Views and connections


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07_NA_AV (17)From Nieder­an­ven over the “Engel­haff” to Ern­ster a coun­try lane con­nects the south side with the north side of the munic­i­pal­i­ty. A part of this lane belonged to the famous Roman road between Nieder­an­ven and Olingen.

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The local region is struc­tured by many trails.

From Ober­an­ven, Aar­nescht and Nieder­an­ven, small trails are lead­ing east­wards to the “Grousse­bësch”, where they meet the hik­ing trails of Rood/Syr, con­nect­ing Nieder­an­ven with the neigh­bour munic­i­pal­i­ty of Bet­z­dorf. A jog­ging trail has also been set up in the “Grousse­bësch”.

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Busi­ness Cen­ter “Bombicht”

Look­ing south­wards you can see behind the city of Nieder­an­ven the busi­ness Cen­ter “Bombicht” set up in 1997. Sit­u­at­ed in the Syr val­ley it has direct con­nec­tions to the high­way “Lux­em­bourg-Treves”. On the 4 ha site more than 20 com­pa­nies are active.

Table Mountains: Widdebierg / Kréckelsbierg

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The name “Kréck­els­bierg” derives from the name of the lit­tle blue fruits of the today rare wild Plumtree.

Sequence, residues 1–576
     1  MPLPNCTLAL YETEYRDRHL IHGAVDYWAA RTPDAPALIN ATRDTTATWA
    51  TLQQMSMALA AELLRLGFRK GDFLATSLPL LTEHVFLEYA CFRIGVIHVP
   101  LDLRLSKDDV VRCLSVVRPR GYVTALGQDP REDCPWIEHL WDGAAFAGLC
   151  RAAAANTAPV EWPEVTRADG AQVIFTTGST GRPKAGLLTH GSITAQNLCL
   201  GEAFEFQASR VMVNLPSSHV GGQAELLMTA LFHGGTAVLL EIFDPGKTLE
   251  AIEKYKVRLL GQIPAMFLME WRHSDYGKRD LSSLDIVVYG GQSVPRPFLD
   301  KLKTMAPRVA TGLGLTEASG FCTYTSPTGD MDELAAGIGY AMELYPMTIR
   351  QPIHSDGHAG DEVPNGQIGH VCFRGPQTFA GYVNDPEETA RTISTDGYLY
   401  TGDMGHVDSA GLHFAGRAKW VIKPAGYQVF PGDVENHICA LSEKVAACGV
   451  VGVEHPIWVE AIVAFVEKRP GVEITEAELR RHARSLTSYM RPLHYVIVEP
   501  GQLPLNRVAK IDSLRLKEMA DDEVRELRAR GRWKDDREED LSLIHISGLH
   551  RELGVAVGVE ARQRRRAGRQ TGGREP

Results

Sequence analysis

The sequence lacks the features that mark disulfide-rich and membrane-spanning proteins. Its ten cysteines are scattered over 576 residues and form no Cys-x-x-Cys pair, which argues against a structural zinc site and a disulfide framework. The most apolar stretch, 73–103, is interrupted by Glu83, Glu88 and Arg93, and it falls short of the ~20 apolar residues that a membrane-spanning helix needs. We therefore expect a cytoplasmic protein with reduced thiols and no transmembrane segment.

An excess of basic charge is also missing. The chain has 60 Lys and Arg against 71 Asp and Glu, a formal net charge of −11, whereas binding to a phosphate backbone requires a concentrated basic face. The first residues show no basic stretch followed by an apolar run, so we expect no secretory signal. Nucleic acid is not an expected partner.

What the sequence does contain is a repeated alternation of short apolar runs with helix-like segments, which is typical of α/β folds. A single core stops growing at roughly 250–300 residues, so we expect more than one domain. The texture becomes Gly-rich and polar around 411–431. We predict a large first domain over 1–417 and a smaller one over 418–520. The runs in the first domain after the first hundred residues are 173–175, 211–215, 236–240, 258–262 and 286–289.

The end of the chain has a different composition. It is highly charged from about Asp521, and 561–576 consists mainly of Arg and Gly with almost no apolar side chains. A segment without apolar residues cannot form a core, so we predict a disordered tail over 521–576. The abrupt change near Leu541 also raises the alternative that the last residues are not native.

The Wid­de­bierg and the Kréck­els­bierg are 2 table moun­tains, sit­u­at­ed in front of the Lux­em­bourg Sand­stone lay­er on the east­side of the Grünewald, relat­ed by a high step in the ter­rain. With a height of almost 386 m above the sea lev­el they are ris­ing above the undu­lat­ed Late Tri­as­sic land­scape and the Syrdall.

They are form­ing an impor­tant drink­ing water reserve. The waters emerg­ing from the sides are part­ly used for drink­ing water supply.

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Rare fauna and flora species of the Widdebierg Natural Reserve

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The pres­ence of impor­tant biotopes like orchards, woodlands,
shrubs or arid grass­lands and rare fau­na and flo­ra species made the Widdebierg
to be clas­si­fied as a nation­al nat­ur­al reserve.

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This is the Roman bronze fig­urine, found on the exca­va­tion site, rep­re­sent­ing a preda­tor attack­ing an ostrich.

The roman dis­cov­er­ies that had been found on the site (espe­cial­ly the Roman sanc­tu­ary) gave the Wid­de­bierg also a high archae­o­log­i­cal importance.